At Business Questions I raised various issues with the Leader of the House, Rt Hon David Lidington MP. My speech is below:
I thank the Leader of the House for his statement, but we still do not appear to have a date for the summer recess. I ask him to think carefully about that and perhaps come back with it next week, possibly with dates for Prorogation and the state opening as well.
Mr Speaker, may I wish you a very happy birthday? I am afraid that the House cannot sing to you. As a tennis fan, I do not know whether your presents included new balls, but we all know how well you handle a racquet—both outside and inside the Chamber. I also wish a happy birthday to Rev. Rose Hudson-Wilkin. She was an inspired choice as Speaker’s Chaplain and provides great pastoral support for MPs. Perhaps the Leader of the House will join me in challenging you both to a doubles match for charity.
Sadly, this House is losing MPs, including a former Prime Minister, but I point out that many hon. Members have made an incredible contribution and that things can be done from the Back Benches. My hon. Friend the Member for Dewsbury (Paula Sherriff) amended the Finance Bill, highlighting gender-based pricing. The hon. Member for Cheltenham (Alex Chalk) introduced a ten-minute rule Bill on stalking, and, with the help of the other place and the Government, has extended the maximum sentence for stalking to 10 years. The hon. Member for North Ayrshire and Arran (Patricia Gibson), when speaking about the loss of her baby, reminded us that we should allow coroners in England to investigate stillbirths so that errors in care can be addressed.
Many other hon. Members from across the House do great work, which is why many of us cannot understand why the Prime Minister refused to come and tell the House and its elected representatives about a major policy announcement that affects the whole country. The 12 points of principle are Government policy initiatives and should have been 12 paragraphs in a White Paper. The right hon. Member for New Forest West (Sir Desmond Swayne) said last week that his pleasure
“is magnified when I address the Chair and you, Sir, are occupying it.”
I wish he would say that to the Prime Minister. The 12 objectives should have been set out in a White Paper last September, which would have ended the speculation and uncertainty that have engulfed us for the past six months. However, we still need clarity on several issues, so I can see why the Prime Minister did not want to be questioned about them.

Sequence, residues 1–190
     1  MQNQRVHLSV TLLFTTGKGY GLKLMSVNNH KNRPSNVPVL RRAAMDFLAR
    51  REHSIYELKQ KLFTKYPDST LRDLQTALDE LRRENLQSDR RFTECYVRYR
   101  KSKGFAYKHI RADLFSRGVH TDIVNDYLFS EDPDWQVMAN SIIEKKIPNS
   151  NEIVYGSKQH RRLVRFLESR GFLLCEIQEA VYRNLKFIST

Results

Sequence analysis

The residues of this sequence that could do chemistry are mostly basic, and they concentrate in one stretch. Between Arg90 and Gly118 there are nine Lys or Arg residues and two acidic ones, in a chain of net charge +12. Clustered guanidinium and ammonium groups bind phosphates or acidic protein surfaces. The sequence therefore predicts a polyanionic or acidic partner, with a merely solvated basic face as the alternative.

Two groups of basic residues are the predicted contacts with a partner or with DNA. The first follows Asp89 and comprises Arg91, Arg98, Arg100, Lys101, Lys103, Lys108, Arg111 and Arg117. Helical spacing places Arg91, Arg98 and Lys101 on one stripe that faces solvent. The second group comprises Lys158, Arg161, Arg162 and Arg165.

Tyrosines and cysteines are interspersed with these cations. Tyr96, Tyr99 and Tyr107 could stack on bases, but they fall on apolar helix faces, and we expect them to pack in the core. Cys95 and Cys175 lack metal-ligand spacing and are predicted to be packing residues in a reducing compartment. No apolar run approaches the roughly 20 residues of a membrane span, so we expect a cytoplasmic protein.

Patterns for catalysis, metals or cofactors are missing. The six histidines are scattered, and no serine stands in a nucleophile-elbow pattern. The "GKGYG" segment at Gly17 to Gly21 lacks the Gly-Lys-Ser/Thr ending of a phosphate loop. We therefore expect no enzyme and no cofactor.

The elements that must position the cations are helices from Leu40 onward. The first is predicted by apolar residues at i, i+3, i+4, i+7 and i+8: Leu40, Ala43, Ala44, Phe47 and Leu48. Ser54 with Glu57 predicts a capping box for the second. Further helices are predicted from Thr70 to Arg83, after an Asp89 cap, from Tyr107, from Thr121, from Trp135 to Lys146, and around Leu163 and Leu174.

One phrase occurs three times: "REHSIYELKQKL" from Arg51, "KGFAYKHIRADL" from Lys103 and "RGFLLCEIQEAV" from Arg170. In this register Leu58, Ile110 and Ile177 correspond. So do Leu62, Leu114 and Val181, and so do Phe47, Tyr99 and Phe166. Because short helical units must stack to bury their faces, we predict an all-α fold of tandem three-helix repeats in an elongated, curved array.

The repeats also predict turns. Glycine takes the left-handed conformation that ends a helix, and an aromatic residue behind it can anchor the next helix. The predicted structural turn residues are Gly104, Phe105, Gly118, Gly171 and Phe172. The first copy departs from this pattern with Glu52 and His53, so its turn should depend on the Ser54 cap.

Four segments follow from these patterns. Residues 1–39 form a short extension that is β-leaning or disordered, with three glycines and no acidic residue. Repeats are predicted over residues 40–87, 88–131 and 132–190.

I welcome objective 4, which is about maintaining the common travel area with Ireland. The Prime Minister said that the devolved Administrations will be consulted, but, given the elections in Northern Ireland, will the Leader of the House confirm who from Northern Ireland will be sitting on the Joint Ministerial Committee (EU Negotiations)? Gibraltar voted 96% to remain. What consultation do the Government intend to have with Gibraltar, and how, before Spain plants its flag? Spain has already threatened to plant its flag in Gibraltar.
The Prime Minister talks of a global Britain, yet principle 5 sets out the Government’s proposals to keep the world out. She said:
“And because we will no longer be members of the Single Market, we will not be required to contribute huge sums to the EU budget.”
In principle 10 she wants the UK to continue to be the best place for science and innovation, forgetting that in 2013 the UK received €8.8 billion, the fourth largest share in the EU, for research and development, with the private sector receiving £1.4 billion. And that is just one sector. We give but we get something back.
As we await the Supreme Court judgement on a point of law on 24 January—next Tuesday—let us remind the people that the judges are on their side, upholding the rule of law and holding the Executive to account. Can the Leader of the House confirm that, whatever Bill comes out after the judgment, it will not be a cynical, one-line Bill, as suggested by Government counsel? The Prime Minister wants to do this for our children and grandchildren, but our children between the ages of 18 and 24 voted overwhelmingly, 75%, to remain in the EU. They already feel let down.
As we remember Martin Luther King Day this week and Holocaust Memorial Day next week, let us remember the words of Martin Luther King and Elie Wiesel, a holocaust survivor who sadly died last year. And let us remember that the European Union was formed for nations to come together in peace, not hatred. We must remember that we are interdependent: we do not live in isolation, whether as individuals, countries or nations. Our constituents want justice—economic and social justice—both here and in Europe. In the months and years ahead, let those, too, be our guiding principles.